The U.S. Supreme Court will rule this term on a high-profile copyright suit: the case of a former Cornell student who got sued for copyright infringement after he sold textbooks eBay.Thai national Supap Kirtsaeng had his family at home ship him textbooks made by John Wiley & Son’s Asian unit so he could resell them on e-Bay at a profit.
The publisher got mad and sued him for copyright infringement because it was missing out on the chance to sell texbooks in the more expensive American market. Kirtsaeng lost and got hit with $600,000 in damages.
This term, the nation’s highest court will decide whether it’s OK for people in the U.S. to sell copyrighted materials that were made abroad.
At first glance, it might seem like this case could have huge implications for ordinary Americans. After all, a lot of stuff is made overseas, and a lot of people like to sell used stuff on eBay.
A group called Owners Rights Initiative – a coalition including eBay, Etsy, and Overstock, among others – claims the case could have “far-reaching impacts on all Americans.“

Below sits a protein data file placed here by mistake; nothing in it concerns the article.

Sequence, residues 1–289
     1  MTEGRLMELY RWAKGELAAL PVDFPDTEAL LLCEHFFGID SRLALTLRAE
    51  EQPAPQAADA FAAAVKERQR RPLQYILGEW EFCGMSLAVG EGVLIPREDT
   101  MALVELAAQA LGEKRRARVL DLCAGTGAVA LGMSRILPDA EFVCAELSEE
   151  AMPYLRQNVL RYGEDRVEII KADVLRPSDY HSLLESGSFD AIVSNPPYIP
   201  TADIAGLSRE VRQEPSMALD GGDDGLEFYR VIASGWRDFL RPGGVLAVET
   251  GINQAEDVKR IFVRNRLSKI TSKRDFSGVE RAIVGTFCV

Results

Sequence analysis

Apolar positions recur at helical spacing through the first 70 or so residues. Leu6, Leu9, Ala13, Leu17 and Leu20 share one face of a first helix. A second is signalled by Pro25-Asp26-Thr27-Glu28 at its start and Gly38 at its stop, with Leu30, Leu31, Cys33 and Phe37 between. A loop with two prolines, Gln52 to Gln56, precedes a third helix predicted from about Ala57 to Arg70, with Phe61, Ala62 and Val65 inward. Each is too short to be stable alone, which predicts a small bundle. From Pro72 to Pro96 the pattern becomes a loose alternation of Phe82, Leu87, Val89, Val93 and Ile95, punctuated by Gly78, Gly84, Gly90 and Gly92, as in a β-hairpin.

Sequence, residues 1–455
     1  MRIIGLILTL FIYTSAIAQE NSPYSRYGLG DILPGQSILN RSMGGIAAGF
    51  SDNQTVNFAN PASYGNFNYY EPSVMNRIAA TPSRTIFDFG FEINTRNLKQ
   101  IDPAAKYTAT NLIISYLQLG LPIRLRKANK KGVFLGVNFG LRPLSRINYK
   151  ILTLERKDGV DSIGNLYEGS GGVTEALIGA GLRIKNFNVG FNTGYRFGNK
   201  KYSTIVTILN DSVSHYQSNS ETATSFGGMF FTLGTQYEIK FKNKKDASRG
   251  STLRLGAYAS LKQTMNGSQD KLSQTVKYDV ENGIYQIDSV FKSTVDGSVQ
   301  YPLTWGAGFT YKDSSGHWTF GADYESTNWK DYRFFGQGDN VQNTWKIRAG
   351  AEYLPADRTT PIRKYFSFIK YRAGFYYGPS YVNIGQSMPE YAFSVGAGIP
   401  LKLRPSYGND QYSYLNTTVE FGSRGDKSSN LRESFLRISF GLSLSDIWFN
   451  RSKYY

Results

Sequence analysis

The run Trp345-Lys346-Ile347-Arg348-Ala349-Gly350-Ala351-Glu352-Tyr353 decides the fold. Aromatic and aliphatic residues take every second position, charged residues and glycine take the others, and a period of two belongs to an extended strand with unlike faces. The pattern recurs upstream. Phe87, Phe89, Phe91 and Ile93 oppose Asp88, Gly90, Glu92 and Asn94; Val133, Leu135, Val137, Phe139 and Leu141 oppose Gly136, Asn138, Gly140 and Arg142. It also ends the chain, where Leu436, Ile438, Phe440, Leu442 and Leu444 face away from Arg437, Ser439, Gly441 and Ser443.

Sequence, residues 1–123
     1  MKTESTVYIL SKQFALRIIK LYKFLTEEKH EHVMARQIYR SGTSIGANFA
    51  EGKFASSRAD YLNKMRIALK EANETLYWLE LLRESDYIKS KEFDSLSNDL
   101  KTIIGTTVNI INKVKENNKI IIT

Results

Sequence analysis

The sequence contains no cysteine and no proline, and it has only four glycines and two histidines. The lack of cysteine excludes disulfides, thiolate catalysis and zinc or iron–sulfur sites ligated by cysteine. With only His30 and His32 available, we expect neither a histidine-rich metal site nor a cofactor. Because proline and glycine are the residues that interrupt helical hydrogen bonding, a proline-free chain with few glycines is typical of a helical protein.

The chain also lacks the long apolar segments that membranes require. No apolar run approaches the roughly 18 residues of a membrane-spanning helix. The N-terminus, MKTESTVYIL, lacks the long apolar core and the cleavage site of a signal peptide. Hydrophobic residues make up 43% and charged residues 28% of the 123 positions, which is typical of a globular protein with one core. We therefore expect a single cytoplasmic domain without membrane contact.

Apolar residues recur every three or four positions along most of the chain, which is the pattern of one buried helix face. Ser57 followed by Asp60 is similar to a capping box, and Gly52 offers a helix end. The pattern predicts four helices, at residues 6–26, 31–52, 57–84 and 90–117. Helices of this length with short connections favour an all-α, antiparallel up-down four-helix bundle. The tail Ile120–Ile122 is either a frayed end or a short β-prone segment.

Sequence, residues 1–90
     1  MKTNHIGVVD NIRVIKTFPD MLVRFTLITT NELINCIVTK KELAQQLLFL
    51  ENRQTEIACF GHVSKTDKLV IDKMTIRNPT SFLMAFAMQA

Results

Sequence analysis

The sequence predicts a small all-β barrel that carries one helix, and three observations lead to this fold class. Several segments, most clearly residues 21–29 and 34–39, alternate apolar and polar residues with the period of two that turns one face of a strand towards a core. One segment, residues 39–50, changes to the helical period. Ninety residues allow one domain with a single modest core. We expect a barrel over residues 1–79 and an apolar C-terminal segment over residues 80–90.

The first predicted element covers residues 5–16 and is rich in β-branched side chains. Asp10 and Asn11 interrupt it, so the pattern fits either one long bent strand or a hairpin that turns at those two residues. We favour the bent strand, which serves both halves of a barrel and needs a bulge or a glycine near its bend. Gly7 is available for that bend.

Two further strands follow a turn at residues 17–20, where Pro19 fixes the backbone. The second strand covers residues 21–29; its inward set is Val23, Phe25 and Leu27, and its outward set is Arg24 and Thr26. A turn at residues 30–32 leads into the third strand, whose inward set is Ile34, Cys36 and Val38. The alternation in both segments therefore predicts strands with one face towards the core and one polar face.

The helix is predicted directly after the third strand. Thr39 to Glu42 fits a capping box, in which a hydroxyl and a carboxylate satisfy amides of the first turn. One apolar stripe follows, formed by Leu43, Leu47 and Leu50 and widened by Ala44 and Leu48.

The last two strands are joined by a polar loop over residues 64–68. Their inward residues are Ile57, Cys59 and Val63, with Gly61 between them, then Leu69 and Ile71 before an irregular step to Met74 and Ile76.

That group even released a video showing ordinary Americans on the street speaking out for their right to be able to resell whatever they buy.
The thing is, a victory for John Wiley probably won’t impact the average person who sells a couple of foreign-made items on eBay.
Kirtsaeng “turned textooks into a profit machine” and made roughly $1 million from his business, though the exact amount of profits he earned is in dispute, the Chronicle of Higher Education has reported.
He was arguably a target worth going after because he was reselling foreign-made items in bulk.
It’s absurd to think copyright owners would have the resources or even the will to file a copyright lawsuit against everybody who sells a foreign-made item in the U.S.
And maybe global copyright owners like John Wiley should be able to sue people big profit-makers like Kirtsaeng.
“If I want to authorise people in Thailand to sell my copyrighted books, and I charge much less for people who sell that book in the U.S., it pretty much destroys my ability to charge different prices in different markets,” intellectual property lawyer Garland Stephens has told Business Insider.
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